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Ruminations Part 2


billchao

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Day two of the four day tournament. Sunday, April 21, 2024.

As luck would have it, my fellow competitor and cart partner during the qualifier was the 3rd seed, so we would play against each other in the first round. He is a very nice guy and we got along very well. I think that made it easier for both of us to play. It was his first tournament, and he was nervous, but he told me I helped him a lot by explaining rules and keeping the mood light by being the general assclown that I am. And that helped me, too. I didn’t really think about playing golf except for the brief moments I had to, which I devoted my full attention to. He did rake a putt in the qualifier round, but even with that penalty stroke he managed to shoot net 71. I covered our match briefly in the member tournament thread.

My warmup for the day went terribly. I was struggling to hit the ball well on the range at all. It was kind of uncomfortable walking off the range feeling like I didn't know how to swing a golf club. There was nothing I could do about it, so I moved onto the putting green and did my usual thing there.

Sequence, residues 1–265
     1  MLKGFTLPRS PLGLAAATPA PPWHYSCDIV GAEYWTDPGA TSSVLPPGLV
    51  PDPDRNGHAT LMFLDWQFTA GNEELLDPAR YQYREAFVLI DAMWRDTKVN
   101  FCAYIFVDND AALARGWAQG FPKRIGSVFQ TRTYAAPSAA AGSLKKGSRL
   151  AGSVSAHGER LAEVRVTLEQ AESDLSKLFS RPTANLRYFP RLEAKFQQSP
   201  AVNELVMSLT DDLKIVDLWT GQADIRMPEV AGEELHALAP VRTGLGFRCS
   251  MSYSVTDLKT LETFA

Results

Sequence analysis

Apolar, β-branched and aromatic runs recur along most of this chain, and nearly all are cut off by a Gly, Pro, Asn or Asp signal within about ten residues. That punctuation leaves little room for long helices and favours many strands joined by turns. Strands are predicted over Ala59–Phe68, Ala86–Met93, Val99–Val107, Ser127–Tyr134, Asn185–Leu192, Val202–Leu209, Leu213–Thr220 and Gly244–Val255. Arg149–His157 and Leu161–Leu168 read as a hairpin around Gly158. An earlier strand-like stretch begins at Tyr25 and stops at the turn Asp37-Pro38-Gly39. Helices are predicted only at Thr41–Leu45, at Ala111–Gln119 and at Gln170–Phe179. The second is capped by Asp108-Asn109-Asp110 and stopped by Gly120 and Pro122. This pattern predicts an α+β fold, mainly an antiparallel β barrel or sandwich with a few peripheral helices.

Trading Blows

I surprised myself with how well I played, especially when I really needed to. He was getting five strokes from me. I hooked my 4i off the first tee and made double, down 1 right from the start. Followed that with a much better 4i off the tee and won #2 with par. On #3 we both missed the green and he pitched it inside of 2', which I gave him. I almost holed my chip and we halved. The 4th was the first par 5 of the day which I won with a 3-putt par. We had matching bogeys on #5 which he won because he got a stroke, then he won #6 with par. The tees were way up and the hole played under 100 yards. I had a little bit of fun on this hole and decided to hit a low runner type of shot which wasn't a bad idea and I actually hit it pretty well, but it just caught the ridge and rolled off the back. I think if I had to do it over I'd still hit the same shot, just more to the right.